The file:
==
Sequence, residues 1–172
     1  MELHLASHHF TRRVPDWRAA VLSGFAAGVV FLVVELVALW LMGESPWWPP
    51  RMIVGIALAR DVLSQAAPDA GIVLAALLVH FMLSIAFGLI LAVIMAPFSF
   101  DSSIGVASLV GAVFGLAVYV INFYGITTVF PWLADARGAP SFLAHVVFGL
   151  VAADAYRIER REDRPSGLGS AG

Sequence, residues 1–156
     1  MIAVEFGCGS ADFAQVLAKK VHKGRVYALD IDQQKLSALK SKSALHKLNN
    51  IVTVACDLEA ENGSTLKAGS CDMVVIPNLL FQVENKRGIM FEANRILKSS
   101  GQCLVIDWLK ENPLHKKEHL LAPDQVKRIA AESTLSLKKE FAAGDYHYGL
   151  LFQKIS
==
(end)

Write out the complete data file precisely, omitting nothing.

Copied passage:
Sequence, residues 1–172
     1  MELHLASHHF TRRVPDWRAA VLSGFAAGVV FLVVELVALW LMGESPWWPP
    51  RMIVGIALAR DVLSQAAPDA GIVLAALLVH FMLSIAFGLI LAVIMAPFSF
   101  DSSIGVASLV GAVFGLAVYV INFYGITTVF PWLADARGAP SFLAHVVFGL
   151  VAADAYRIER REDRPSGLGS AG

Sequence, residues 1–156
     1  MIAVEFGCGS ADFAQVLAKK VHKGRVYALD IDQQKLSALK SKSALHKLNN
    51  IVTVACDLEA ENGSTLKAGS CDMVVIPNLL FQVENKRGIM FEANRILKSS
   101  GQCLVIDWLK ENPLHKKEHL LAPDQVKRIA AESTLSLKKE FAAGDYHYGL
   151  LFQKIS